2. that the obligation was incurred in good faith, that the payment was not contrary to any statutory provision specifically prohibiting payments of the character involved, and that the United States received value for such payment.
    3. Unlike 31 U.S.C. 82a-1 and 95a, 31 U.S.C 82c does not require determination by the agency.  The determination under 82c must be made by the Comptroller General.  Also, the determinations under 82c are stated in the alternative - relief may be granted if either of the two determinations can be established.  There is no special form of request under 82c.  Relief may be requested by the agency on behalf of the certifying officer, or by the certifying officer himself.  (31 Comp. Gen 653(1952).)
    4. Both the responsibility and accountability of the Certifying Officer are modified where statistical sampling is used in the certification of vouchers for payment.

      The Comptroller General will relieve accountable Officers of liability for illegal, improper or incorrect payments passed without specific examination under an audit sampling plan that is established to meet the Comptroller General's requirements, provided that the officer acted in good faith and that he/she and the Agency have diligently pursued collection action to recover the illegal, improper or incorrect payment in accordance with prescribed collection procedures.

  7. Use of this Summary Document
    1. It is extremely important that each Certifying Officer recognize and become familiar with the role, duties and responsibilities of effectively carrying out the statutory requirements of this function.  It is recommended that this summary be used as an orientation and briefing document for currently assigned and newly appointed Certifying Officers.  This summary is not designed or intended to replace or supplement statutes, laws, regulations or Comptroller General Decisions.
    2. The following references are provided to assist Certifying Officers in researching specific questions that might arise in connection with determining the propriety of voucher verification certifications.
      1. An Act entitled "To Fix The Responsibilities of Disbursing and Certifying Officers, and for other Purposes".  The Certifying Officers' Act (31 U.S.C. 82).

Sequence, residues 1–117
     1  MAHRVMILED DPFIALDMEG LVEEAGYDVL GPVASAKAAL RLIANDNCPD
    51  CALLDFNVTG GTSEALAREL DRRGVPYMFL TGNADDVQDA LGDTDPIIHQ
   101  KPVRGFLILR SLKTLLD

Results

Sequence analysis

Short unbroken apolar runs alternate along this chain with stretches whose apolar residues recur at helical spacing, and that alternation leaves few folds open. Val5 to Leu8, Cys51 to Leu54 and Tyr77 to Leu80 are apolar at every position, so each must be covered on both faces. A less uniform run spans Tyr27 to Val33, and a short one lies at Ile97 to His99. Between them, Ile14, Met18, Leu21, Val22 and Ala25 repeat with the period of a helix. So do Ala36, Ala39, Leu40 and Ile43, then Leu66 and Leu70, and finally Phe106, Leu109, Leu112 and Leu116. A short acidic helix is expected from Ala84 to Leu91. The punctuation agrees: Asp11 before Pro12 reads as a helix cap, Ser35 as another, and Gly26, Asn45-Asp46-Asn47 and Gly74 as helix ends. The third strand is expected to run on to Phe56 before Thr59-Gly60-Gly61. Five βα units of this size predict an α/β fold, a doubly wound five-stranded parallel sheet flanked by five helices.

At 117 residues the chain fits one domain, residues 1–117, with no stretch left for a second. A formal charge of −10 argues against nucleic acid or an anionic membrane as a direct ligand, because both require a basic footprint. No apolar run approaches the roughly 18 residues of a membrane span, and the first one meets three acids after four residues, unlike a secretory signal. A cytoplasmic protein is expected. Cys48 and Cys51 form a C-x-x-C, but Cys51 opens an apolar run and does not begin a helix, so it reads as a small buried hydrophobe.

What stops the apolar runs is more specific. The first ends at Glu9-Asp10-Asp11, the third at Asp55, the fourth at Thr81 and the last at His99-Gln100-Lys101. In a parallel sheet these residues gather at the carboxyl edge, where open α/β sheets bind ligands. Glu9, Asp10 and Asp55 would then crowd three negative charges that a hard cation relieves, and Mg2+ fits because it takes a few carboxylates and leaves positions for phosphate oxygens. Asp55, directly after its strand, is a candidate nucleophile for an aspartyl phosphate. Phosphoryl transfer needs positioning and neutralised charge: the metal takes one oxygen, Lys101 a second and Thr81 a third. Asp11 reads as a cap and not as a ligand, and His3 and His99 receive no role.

2. Chapter 10 - Liability and Relief of Accountable Officers Principles of Federal Appropriations Law, Office of the General Council, The United States General Accounting Office, First Edition, June 1982.
      3. General Accounting Office (GAO Policy and Procedures Manual for Guidance of Federal Agencies, Titles III (Audit) and Title IV (Claims) and Comptroller General Decisions; 23 Comp. Gen. 131: 23 Comp. Gen. 953; 39 Comp. Gen 548 and 55 Comp. Gen. 388.
      4. Chapter 2500, Department of Treasury Fiscal Requirements Manual (TFRM) and
      5. Chapters 1-20; 5-10; and 5-20 HHS Voucher Examination Manual.



  1. NAME (last, first, and middle):__________________________________________
  2. GS GRADE/SERIES:_________________________________________________
  3. BUSINESS TELEPHONE:_____________________________________________
  4. BUSINESS ADDRESS:________________________________________________
  5. PRIMARY DUTIES (Attach supplemental pages if necessary.)
  6. DATE EMPLOYED (give month and year): From_____________ To____________
  11. Is the nominee an imprest fund cashier?______________________________________
  12. Is the nominee a contracting officer or does the nominee hold delegated procurement authority?_______   If yes, Please attach a memorandum of explanation.
  13. SIGNATURE:_________________________________________________________
  14. DATE SIGNED (month, day, and year):______________________________________
    I certify that, o the best of my knowledge and belief, that all of my statements are true, correct, and complete.
  15. NOMINATING SIGNATURE:____________________________________________



  1. State name - (last, first, ad middle)
  2. State - (GS) grade and classification series.
  3. State - business phone (including FTS numbers area code, number and ext.)
  4. State - complete business address of organization (including zip code, if known.)
  5. Description of primary duties in current position should be clear and brief.
  6. State - date employed (give month and year).
  7. State any relatives that are employed by the U.S. Government: (a) name and location, (b) position title, (c) grade and classification series.
  8. Record all training which the nominee has received that relates to the duties and responsibilities of a Certifying Officer.
  9. List dates served as Certifying Officer.
  10. Record any present outside employment or position with any volunteer organization which has a connection with any agency of the U.S. Government.
  11. Self explanatory.
  12. Self explanatory.
  13. Signature, requires original signature in ink.
  14. Date block (month, day and year in ink).
  15. Signature of Executive Officer or Area Director.  (Other signatures are not acceptable.)